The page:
Lesser Known Architecture

Stephanie Kukulka looks at the new photographic exhibition at London’s Design Museum celebrating London’s extraordinary – but often overlooked – architectural structures

Bevin Court, Theo Simpson

Above: Bevin Court. All images from Lesser Known Architecture exhibition, 2013. Courtesy of the artist and Design Museum

Words Stephanie Kukulka
Photography Theo Simpson

Photographer Theo Simpson has a particular interest in what he describes as “roadside architecture”, making him the perfect candidate to photograph the Design Museum’s Lesser Known Architecture exhibition, which runs until 22 July. Along with creative partner, and exhibition designer, Ben McLaughlin, Simpson explains it was his previous work on Mass Observation, which “inspired the original series of buildings and structures that [he] passed regularly on the roadsides of the Yorkshire and Lincolnshire countryside”.  Elias Redstone, freelance curator and co-founder of the London Architecture Diary, brought the idea to the Design Museum, with the belief  that “the exhibition opens people’s eyes to what is around them and encourages them to become more curious about spaces and structures taken for granted.”  With London’s Festival of Architecture spanning the month of June, the exhibition is a nod towards often overlooked architectural sites, buildings and subways, each of which have been nominated by architectural critics, and accompanied by personal anecdotes, explanations, and descriptions.

Bevin Court – a Modernist housing block located in West London – was chosen by BBC Culture Show architecture critic, Tom Dyckhoff. Simpson says, “The design [of the staircase] seemed totally out of place amongst very modest housing block it’s located in, and I think Tom captures this feeling well in his text: ‘We walked in and entered…what? Another universe. Another dimension.’ It reminds you that everyday design and architecture doesn’t have to be so bland: it can be beautiful, bold and unusual.”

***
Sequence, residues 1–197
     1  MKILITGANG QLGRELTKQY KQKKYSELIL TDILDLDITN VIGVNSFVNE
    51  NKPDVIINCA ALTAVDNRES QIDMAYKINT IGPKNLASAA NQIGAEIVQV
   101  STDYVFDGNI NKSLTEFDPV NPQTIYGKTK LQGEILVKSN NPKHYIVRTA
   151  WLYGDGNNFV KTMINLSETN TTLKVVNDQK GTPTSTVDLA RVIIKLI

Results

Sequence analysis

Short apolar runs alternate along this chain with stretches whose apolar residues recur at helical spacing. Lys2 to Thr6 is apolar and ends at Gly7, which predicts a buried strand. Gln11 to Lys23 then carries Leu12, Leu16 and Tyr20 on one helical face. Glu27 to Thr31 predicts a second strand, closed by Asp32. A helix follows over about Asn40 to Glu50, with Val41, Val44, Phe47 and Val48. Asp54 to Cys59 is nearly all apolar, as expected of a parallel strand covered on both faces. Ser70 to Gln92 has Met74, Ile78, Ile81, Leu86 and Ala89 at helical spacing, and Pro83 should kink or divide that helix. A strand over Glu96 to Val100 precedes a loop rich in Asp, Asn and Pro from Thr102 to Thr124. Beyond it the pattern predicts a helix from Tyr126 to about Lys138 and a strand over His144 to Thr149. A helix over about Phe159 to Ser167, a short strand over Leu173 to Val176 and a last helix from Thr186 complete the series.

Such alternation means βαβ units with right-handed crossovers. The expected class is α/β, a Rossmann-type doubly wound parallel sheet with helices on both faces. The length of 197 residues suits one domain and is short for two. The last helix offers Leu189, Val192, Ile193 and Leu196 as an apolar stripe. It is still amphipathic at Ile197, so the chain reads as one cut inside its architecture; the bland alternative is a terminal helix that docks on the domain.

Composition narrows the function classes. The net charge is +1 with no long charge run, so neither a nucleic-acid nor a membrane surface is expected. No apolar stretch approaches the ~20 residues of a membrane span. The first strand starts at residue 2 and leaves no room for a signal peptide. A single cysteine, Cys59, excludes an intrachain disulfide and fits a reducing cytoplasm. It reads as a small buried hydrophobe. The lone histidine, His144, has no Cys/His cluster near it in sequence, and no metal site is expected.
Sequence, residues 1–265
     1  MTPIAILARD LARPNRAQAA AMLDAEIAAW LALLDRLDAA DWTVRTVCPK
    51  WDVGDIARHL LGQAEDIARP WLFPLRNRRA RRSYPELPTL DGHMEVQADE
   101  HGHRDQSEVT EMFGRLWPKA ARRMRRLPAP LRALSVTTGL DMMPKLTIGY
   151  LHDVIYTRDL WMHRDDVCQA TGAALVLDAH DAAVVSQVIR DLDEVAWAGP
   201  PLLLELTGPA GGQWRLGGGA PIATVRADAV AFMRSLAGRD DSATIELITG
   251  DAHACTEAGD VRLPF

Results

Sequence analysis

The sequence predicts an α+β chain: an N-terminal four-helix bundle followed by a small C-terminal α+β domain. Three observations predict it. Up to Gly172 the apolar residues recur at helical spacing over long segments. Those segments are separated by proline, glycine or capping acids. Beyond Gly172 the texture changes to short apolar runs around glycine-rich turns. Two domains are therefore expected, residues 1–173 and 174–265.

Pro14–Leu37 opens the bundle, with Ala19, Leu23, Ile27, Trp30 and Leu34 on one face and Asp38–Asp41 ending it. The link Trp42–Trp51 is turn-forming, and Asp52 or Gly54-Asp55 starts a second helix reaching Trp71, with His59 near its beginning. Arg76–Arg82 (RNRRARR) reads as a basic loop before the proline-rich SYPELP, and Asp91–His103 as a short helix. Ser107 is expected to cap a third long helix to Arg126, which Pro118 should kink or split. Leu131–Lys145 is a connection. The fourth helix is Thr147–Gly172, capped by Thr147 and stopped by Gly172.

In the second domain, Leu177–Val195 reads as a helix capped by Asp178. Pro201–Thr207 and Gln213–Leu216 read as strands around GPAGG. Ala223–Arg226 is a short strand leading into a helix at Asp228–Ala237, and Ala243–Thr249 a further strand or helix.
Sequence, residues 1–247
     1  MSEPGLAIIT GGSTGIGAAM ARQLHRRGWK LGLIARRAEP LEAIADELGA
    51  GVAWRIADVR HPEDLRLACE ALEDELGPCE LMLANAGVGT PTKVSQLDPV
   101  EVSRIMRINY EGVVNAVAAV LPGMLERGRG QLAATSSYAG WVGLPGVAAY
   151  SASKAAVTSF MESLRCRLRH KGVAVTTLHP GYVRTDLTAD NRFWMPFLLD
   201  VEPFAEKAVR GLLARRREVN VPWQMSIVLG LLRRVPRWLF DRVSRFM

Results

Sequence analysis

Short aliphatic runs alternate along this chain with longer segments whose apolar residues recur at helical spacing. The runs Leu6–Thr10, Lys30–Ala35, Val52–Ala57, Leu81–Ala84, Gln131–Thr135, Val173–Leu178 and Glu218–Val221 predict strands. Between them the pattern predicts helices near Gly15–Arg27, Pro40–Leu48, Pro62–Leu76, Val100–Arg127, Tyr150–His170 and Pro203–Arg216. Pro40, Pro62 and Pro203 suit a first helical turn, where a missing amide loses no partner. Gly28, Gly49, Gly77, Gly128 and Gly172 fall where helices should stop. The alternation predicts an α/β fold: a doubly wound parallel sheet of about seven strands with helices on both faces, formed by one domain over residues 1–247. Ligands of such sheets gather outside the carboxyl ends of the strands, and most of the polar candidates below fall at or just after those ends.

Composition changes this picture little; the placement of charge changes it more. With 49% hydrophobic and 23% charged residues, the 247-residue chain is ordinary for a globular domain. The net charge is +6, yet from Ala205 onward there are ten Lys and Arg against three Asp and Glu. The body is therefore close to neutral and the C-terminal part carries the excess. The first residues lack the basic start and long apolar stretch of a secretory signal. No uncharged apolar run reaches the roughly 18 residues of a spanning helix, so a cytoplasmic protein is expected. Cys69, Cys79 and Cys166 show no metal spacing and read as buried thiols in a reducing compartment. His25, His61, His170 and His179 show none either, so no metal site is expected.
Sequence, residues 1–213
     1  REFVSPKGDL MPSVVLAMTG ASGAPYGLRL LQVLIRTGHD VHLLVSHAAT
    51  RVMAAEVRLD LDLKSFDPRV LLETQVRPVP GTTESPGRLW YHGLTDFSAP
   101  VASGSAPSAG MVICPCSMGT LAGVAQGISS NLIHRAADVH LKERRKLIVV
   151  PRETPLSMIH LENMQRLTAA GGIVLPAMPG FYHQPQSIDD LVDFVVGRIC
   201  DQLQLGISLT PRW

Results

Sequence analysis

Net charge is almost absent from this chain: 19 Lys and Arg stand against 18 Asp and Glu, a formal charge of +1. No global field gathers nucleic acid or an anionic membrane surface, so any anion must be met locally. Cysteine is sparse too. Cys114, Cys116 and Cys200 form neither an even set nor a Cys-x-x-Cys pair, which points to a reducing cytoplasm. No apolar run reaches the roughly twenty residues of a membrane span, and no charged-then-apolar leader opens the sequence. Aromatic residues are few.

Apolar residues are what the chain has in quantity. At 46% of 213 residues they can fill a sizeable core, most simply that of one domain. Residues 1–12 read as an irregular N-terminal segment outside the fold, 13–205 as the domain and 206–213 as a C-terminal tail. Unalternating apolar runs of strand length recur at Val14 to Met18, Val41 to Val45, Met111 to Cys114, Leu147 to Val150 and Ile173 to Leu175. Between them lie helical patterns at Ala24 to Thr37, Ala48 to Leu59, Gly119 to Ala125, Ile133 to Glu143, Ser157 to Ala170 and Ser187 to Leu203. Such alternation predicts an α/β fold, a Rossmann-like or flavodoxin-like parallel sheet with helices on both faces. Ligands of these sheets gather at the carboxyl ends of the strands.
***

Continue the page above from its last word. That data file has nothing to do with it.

Occidental Oil Refinery Jetty , Theo Simpson. Lesser Known Architecture, 2013. Courtesy of the artist and Design Museum

Top: Occidental Oil, Refinery Jetty

The Guardian’s architecture and design critic Oliver Wainwright nominated the Cabmen’s Shelters. These green shed-like buildings were built as somewhere for Victorian cabmen to obtain food and refreshments, in the days when “cabs” referred to horse-drawn hansom cabs, and when 19th century legislation dictated they couldn’t be left unattended in the cab stand. Restricted to the dimensions of a single horse and cab, the small shelters are dotted around the streets of London, of which there are 13 remaining.The Occidental Oil Refinery Jetty was nominated by Owen Hatherley, also from The Guardian, which Simpson describes as “a more somber narrative of truly forgotten architecture”. One of the longest jetties in Europe, it stands as the only remaining evidence of the Occidental Oil Refinery which was abandoned in the mid-70s, before completion. The jetty “is something I’d never imagined would even exist” says Simpson. “A mile of concrete running out to the sea; functional engineering and design on a grand scale now just left there, forgotten, slowly rotting away.”

Cabmen's Shelter, Theo Simpson. Lesser Known Architecture, 2013. Courtesy of the artist and Design Museum

Above right: Cabmen’s Shelter

The Mail Rail, Lesser Known Architecture, 2012. Theo Simpson The Mail Rail – the world’s first driverless electrified underground railway, used to transport mail between London sorting offices – was nominated by Ellie Stathaki of Wallpaper*. “Getting access [to it] was a real privilege,” Simpson adds, a sentiment echoed by Redstone, who notes this to be one of his favourite locations. “It’s an incredible piece of infrastructure below our feet , so few people even know exists.”Simpson says that during his preparation, “I had to research each building from scratch, to find out how it fitted into the landscape, whilst also gauging any issues regarding access and viewpoints. However sometimes due to access you are forced to re-think ”.

In order for the images to be as neutral as possible, when approaching each site Simpson was careful to operate more like a surveyor reproducing a reference document: “The intention was to let the building reveal itself rather than being superior to the site and asserting its status.” As a result, it is the printing process “that  draws attention to the intricacies and considerations of each site,” claims Simpson, adding, “the use of a single-colour print, referenced by some part of the site  is a critical part of the concept and when hung together places more emphasis on each one.”

Above: The Mail Rail

Lesser Known Architecture runs until 22 July at London’s Design Museum, with free admission